Last time but two: Crushed bars and jumping columns. Next to last time: decrushed bars. This time: columns that don’t jump anymore. Data from 2004 until 2013: Money for software companies, that are just starting their business. From companies with money.

Time rows, scaled logarithmically.
Redesign: me. Data from jumping columns, last time but two, scaled logarithmically.

The Angels don’t give that much money. But increasingly more. 2013 ten times more than 2004. The other two give sometimes more and sometimes less. You can look at it for a long time. And think about it.

Here is how “The Economist” draws it:

Hard sell: Capital invested in startup IT companies. Source: The Economist, Special Report „Tech Startups“, 2014-01-18, page 5.
Source: Next to last time. “The Economist”, Special Report „Tech Startups“, 2014–01–18, page 5.

Again, you can look at it for a long time. And think about it. But it won’t do any good. Because of the jumping columns. If the yellow columns jump, the brown columns jump as well. Whether they really jump or not. Though you can’t see, whether they really jump.

Dumb-chart

Friday, February 28th, 2014 - by Bella

Found this, the other day. In “Die Welt”. A national, daily German newspaper. It’s scaring its readers. With a dumb chart or, as they call it, “Chart of doom”. For stocks. Like in 1929.

A memorable parallel: Similarities before the great crash in 1929 and today are striking. Dow Jones in Points. Source: welt.de, 2014-02-18.
A memorable parallel: Similarities before the great crash in 1929 and today are striking. Dow Jones in points. Source: welt.de, 2014–02–18.

“Die Welt” says there are similarities. Because it uses the wrong scale. But look at the axes. Left: 200 to 350 (+ 75 percent). Right: 13,000 to 16,000 (+23 percent). That’s mean. Or dumb. Or both.

This is how it looks with the right scale:

Vergleichbar skalierte Zeitreihen in DeltaMaster.
Source: DeltaMaster, comparable scaling (in German).

The chart below works, too. Both time series on top of each other. Both start with 100. That’s good, too. But you can’t see the values anymore.

Normierte Zeitreihen in DeltaMaster.
Source: DeltaMaster, index time series.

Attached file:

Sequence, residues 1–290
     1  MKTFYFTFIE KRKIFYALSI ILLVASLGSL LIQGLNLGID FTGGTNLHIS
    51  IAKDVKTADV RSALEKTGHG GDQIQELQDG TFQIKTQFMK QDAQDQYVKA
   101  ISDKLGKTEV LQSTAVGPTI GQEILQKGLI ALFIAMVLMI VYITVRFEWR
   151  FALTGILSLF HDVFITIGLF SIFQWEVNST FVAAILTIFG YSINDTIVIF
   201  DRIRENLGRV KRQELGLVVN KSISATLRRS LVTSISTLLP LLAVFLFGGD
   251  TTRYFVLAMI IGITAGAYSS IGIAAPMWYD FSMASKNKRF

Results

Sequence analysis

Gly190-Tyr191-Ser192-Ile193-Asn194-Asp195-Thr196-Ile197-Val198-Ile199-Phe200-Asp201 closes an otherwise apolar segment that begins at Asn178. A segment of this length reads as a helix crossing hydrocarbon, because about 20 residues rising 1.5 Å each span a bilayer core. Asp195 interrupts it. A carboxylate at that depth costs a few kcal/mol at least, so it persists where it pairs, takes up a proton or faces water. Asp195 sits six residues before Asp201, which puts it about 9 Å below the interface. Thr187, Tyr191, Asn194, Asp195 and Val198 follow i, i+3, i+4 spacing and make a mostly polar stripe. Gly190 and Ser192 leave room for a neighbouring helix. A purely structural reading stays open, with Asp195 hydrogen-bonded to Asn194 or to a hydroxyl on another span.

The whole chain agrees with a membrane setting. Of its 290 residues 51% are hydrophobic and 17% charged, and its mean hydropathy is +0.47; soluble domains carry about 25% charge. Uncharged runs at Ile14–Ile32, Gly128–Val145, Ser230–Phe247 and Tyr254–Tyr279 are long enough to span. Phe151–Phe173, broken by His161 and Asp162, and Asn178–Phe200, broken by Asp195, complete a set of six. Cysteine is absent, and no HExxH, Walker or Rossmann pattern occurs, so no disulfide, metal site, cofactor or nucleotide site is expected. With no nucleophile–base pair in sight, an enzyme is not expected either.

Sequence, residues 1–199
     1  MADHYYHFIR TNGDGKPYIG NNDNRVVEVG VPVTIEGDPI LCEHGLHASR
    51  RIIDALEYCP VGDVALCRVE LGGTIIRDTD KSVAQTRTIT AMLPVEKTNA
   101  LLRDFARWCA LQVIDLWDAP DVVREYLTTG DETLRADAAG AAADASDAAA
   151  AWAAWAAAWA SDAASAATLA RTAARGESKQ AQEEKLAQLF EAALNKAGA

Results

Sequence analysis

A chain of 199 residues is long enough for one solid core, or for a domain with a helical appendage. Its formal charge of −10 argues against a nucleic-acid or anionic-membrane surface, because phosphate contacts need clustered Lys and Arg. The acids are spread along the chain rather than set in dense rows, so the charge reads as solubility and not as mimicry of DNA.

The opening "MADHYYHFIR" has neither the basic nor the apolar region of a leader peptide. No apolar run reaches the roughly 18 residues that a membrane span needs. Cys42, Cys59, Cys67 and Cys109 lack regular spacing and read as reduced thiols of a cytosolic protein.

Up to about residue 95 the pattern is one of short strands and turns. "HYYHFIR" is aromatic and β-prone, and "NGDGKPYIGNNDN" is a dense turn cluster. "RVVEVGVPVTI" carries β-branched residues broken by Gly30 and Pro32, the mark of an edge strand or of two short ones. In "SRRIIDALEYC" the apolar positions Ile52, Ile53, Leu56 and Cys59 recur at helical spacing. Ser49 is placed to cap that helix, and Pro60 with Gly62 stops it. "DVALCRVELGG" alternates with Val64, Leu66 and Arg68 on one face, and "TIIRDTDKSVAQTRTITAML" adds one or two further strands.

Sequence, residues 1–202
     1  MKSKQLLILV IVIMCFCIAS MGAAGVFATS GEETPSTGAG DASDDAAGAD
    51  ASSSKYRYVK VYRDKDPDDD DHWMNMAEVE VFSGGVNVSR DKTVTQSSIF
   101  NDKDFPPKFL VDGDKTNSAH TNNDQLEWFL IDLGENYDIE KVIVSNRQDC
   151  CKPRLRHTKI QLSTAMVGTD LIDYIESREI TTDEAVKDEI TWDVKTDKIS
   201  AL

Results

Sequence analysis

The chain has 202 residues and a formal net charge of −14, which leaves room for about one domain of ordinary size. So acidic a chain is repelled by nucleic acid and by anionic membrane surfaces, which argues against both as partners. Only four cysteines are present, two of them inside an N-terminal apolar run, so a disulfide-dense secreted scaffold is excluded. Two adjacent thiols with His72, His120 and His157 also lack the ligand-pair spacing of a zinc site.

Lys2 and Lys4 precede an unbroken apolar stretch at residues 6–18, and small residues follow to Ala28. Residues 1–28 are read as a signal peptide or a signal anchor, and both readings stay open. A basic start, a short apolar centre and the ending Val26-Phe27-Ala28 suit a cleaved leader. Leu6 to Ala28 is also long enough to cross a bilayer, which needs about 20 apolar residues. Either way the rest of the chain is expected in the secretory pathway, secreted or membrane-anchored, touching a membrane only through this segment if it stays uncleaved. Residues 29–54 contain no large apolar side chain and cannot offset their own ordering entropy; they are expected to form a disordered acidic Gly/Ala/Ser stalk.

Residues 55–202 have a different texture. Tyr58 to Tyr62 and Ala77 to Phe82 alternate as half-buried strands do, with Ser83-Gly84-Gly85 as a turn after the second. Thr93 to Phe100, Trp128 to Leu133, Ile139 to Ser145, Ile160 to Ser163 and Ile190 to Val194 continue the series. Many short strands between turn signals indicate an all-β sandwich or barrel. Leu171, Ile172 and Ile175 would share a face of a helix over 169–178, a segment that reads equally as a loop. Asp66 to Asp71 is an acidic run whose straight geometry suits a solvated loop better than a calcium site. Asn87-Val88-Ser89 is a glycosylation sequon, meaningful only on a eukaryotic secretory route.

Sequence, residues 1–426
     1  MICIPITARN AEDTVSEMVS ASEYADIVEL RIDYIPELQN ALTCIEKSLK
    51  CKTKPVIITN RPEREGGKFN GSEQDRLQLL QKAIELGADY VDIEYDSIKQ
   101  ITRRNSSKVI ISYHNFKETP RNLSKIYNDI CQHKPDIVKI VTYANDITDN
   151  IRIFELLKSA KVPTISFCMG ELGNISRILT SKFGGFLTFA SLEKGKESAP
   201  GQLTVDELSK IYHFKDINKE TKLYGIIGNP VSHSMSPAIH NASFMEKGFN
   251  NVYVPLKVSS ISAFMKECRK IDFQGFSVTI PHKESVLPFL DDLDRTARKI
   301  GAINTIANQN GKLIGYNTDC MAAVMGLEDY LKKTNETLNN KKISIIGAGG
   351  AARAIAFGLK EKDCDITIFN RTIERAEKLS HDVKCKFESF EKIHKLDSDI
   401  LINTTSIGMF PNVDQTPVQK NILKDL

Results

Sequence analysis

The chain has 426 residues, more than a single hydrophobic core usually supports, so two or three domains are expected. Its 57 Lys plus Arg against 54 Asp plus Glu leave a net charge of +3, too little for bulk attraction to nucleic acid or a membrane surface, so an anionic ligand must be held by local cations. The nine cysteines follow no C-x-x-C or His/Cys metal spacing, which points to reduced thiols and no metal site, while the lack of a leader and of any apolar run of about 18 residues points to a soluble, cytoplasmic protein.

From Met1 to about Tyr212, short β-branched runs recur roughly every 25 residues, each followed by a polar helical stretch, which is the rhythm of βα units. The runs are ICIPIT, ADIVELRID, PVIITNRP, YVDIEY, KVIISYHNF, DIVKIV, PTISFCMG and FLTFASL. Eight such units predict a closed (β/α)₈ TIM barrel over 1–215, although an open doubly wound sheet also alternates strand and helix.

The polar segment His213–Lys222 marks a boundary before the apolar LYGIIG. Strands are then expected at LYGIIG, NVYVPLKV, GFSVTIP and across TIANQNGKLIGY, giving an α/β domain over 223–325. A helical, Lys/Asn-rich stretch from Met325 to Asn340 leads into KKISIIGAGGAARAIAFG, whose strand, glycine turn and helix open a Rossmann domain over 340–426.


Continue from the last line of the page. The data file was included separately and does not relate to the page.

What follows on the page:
Rethink the shrink-stretch

Saturday, February 15th, 2014 - by Bella

I said: I draw that again. Now have a look.


Redesign: me.

Look how it works. In “The Economist” it looked like that:

Startup your engines: Total follow-on funding for alumni from top accelerators. Source: The Economist, Special Report „Tech Startups“, 2014-01-18, page 5.
Source: Same as last time. “The Economist”, Special Report “Tech Startups”, 2014–01–18, page 5.

I promised: I’ll give it a try with point bars. And logarithmically. Now you can have a look again:


From me as well.

Have a look at the distances: They are the same between Y Combinator, Techstars and AngelPad. Because: Y Combinator is four times bigger than Techstars. And Techstars four times bigger than AngelPad. Great.

Funny, hm? 2 billion and 2 million within the same list. Point bars in a logarithmic way can deal with it.

Econo-mess

Thursday, January 30th, 2014 - by Bella

One of my intentions for 2014: I’ll stay dog-matic. Because… data are cruel. Have a look.

Startup your engines: Total follow-on funding for alumni from top accelerators. Source: The Economist, Special Report „Tech Startups“, 2014-01-18, page 5.
Source: “The Economist”, Special Report “Tech Startups”, 2014–01–18, page 5.

Two values were too big. The bars too long. The page too small. Snip! Snap! The two crushed bars add up to 2 billion. The other eight up to 300 million. Isn’t it bold how the Economist shrinks Y Combinator. And TechStars are shrunk-stretched: Too big for Y Combinator, too small for AngelPad.

Hard sell: Capital invested in startup IT companies. Quelle: The Economist, Special Report
Source: also there, page 3.

Two pages ahead: Jumping columns. Here, I would like to have snip snap. When the Early-stagers jump, the Later-stagers jump as well. Even if they are the epitome of calmness.

Could have been better shown in a dog-matic way: With point bars and lines. Both logarithmically. I’ll draw that again. And will show it to you. Look forward to it!

Worming

Wednesday, January 15th, 2014 - by Bella

Wolfhart gave me a book. As a present. From Eduard. About maps. I flipped through the pages. Then I got hungry. The dog food is sent by post. Produced in A. I live in D. In B and C, there are hungry dogs as well. Have a look. As if it were real. A real map. Between A and B the street is winding like a worm. Same between C and D.

Transportweg A-B-C-D topographisch dargestellt. Quelle: Eduard Imhof, Thematische Kartografie, Berlin u. a. 1972, Seite 192. Transportmengen auf den vereinfachten Strecken A-B und B-C und C-D. Quelle: Eduard Imhof, Thematische Kartografie, Berlin u. a. 1972, Seite 192.
Fig. 110 Transportation route A-B-C-D displayed topographically (left)
Fig. 111 Transport volume on the simplified route A-B and B-C and C-D (right)
Source: Eduard Imhof, Special subject cartography (in German: Thematische Kartografie), Berlin et. al. 1972, page 192.

How many parcels are left for me? Have a look at fig. 111. It’s still a pretty nice map. It still looks as if it were real. And you see the parcels.

Transportmengen von A nach B und von B nach C und von C nach D, Transportwege gestreckt. Quelle: Eduard Imhof, Thematische Kartografie, Berlin u. a. 1972, Seite 192. Quelle: Eduard Imhof, Thematische Kartografie, Berlin u. a. 1972, Seite 192.
Fig. 112 Transport volume from A to B and from B to C and from C to D. Transportation routes
are stretched (left)
Fig. 113 Transport volume from A to B, from A to C, from A to D, without specification of the
route (right)
Source: there again, page 193.

Have a look at fig. 112. Lots of map. Lots of statistic. It doesn’t look as if it were real anymore. And have a look at fig. 113. That’s for the post office. The want to know how much they can charge. From every hungry dog. Doesn’t look real at all. But it’s correct. For this purpose.

They are all correct. For their own purpose. See: not only the real things are correct.